Image: SIOR (Society of Industrial and Office Realtors,2006 SIOR Fall Professional Conference,http://www.siordata.com/Charlotte/FPC06/program.html
First I’d like to start with a basic definition of technology. “Technology is the making, modification, usage, and knowledge of tools, machines, techniques, crafts, systems, methods of organization, in order to solve a problem, improve a pre-existing solution to a problem, achieve a goal or perform a specific function.“ (Wikipedia, Technology http://en.wikipedia.org/wiki/Technology)From this definition we can see that technology is all about creating the new and is seen as an essential part of creating economic success in our society.This presentation will look at how the Richard Florida links the technological expansion of an regional area or city to other key factors such as the rise of creative class.(Image: Technabob, http://technabob.com/blog/wp-content/uploads/2007/01/tech_toilet.jpg)
His study of Technology is chiefly as a region defining tool and fit into the 3 T’s of economic development Technology, Talent and Tolerance. These three factors, he maintains, have a instrumental role in developing the economic success of a region. It is only when all three work together that real economic prosperity can occur. Talent can be seen as skilled, educated, and entrepreneurial people. Tolerance as allowing for diversity with an urban group. All these factors work together to create economic growth. (Florida “Rise of the Creative Class, Revisited, Basic Books, 2012, Kindle E-Book, Chapter 12) (Florida, “America’s Leading High-Tech Metros”, 28 June 2012,http://www.theatlanticcities.com/technology/2012/06/americas-leading-high-tech-metros/2244/)Image:The church of Budgerigars, My Space, http://www.myspace.com/thechurchofbudgerigars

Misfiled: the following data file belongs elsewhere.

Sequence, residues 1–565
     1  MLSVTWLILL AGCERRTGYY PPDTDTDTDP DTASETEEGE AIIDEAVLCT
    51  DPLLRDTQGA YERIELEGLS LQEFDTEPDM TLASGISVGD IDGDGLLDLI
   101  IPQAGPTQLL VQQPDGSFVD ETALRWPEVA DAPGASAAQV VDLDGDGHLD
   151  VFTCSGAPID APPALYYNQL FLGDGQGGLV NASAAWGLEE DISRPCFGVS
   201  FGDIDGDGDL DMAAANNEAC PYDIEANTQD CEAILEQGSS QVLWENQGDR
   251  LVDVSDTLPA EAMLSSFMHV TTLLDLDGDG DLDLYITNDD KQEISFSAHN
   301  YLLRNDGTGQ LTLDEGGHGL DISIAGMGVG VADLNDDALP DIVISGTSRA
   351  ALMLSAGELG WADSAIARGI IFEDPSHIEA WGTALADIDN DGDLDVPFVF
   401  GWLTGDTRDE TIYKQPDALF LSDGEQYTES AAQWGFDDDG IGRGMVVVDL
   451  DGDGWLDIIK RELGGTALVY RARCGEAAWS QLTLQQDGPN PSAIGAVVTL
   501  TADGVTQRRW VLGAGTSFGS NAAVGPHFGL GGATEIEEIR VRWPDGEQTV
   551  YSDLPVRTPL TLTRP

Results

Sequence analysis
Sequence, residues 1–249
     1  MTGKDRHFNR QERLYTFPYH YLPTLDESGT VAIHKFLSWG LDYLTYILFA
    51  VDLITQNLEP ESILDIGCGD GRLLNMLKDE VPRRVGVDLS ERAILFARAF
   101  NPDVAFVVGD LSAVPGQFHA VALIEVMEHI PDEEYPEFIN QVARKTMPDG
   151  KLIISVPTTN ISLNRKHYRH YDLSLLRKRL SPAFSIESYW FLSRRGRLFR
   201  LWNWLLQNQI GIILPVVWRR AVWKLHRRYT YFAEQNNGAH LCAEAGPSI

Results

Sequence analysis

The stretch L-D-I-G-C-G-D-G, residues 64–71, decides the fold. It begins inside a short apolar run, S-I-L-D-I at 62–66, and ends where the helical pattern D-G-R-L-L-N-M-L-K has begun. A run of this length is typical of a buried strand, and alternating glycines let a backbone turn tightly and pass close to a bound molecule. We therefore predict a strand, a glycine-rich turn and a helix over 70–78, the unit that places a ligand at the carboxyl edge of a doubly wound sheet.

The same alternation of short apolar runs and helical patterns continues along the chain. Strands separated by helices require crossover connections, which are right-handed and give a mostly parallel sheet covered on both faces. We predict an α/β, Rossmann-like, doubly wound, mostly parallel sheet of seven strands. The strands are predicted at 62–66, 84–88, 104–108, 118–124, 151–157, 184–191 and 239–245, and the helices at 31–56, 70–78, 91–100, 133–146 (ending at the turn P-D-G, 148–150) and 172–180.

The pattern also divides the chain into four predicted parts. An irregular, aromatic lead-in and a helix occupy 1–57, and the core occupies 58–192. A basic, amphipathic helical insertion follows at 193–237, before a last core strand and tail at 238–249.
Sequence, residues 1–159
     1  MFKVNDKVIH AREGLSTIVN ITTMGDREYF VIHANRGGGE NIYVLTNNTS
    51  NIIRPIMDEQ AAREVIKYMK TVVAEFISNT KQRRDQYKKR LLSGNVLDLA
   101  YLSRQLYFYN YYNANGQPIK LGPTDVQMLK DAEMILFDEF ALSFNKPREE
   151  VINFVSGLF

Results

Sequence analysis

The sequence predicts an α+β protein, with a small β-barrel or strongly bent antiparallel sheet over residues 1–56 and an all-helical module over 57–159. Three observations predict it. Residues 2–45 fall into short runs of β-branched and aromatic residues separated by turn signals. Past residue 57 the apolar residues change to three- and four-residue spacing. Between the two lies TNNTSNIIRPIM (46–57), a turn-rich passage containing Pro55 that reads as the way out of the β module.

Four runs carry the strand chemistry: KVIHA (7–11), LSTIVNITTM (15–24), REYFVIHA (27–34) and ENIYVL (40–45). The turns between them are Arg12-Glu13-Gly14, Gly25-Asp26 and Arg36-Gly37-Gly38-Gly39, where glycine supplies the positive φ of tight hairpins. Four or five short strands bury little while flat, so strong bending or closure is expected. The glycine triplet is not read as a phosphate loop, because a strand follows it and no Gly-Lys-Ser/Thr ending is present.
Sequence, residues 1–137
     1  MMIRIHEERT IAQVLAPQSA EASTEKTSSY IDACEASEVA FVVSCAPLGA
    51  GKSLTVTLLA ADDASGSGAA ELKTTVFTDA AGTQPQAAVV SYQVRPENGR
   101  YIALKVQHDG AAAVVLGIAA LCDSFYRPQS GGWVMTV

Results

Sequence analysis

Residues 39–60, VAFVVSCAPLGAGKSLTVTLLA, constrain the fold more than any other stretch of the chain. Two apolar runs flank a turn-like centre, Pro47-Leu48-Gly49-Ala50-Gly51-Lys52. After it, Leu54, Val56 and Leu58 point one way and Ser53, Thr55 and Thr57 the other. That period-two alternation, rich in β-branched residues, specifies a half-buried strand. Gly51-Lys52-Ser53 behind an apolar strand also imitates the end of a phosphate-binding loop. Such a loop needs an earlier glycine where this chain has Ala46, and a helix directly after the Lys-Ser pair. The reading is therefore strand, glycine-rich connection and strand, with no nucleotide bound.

This paper will look at how the role of technology fits into this pattern and its links with the creative class to drive economic development in a place. Richard Florida’s view of technology is that of its social effect and how it drives a particular place and allows it to grow.Much of Florida’s work is statically driven, so this paper will explore these concepts in a terms of these statistics and relate them to the human realm. Technology, as we proberly can gather from our every day life is a huge part of our changing society. Companies like facebook, twitter, and Google drive our modern society. This change is rapid and requires an creative dynamic society, this change is so quick, when I typed this presentation on MS Word 2007 “facebook” came up as a spelling error, now it is a company 900 million users and worth many billions of dollars. We face this rapid technologicalchange, and those regions that embrace it in the right way find that can stand to reap the economic benefit.Image: Social Maximizer “The 80/20 Rule of Spending Time on Social Media”http://blog.socialmaximizer.com/how-much-time-to-spend-on-social-media/
Florida’s studies try to look what regions are booming and argues the synergy of the 3t’s explain why. So looking at the role of technology he interlinks these factors with the ideas of diversity and social tolerance. An active creative community is central to his understanding of this technological growth in a region.He explains how in the 80’s and 90’s especially city, state and federal planners tried to create areas of technological growth without the any “soul” and such areas failed to grew. (Florida “Rise of the Creative Class, Revisited, Basic Books, 2012, Kindle E-Book, Preface to Original Edition)Image: CCI Diversity Committee, The University of Tennessee http://www.cci.utk.edu/diversitycharge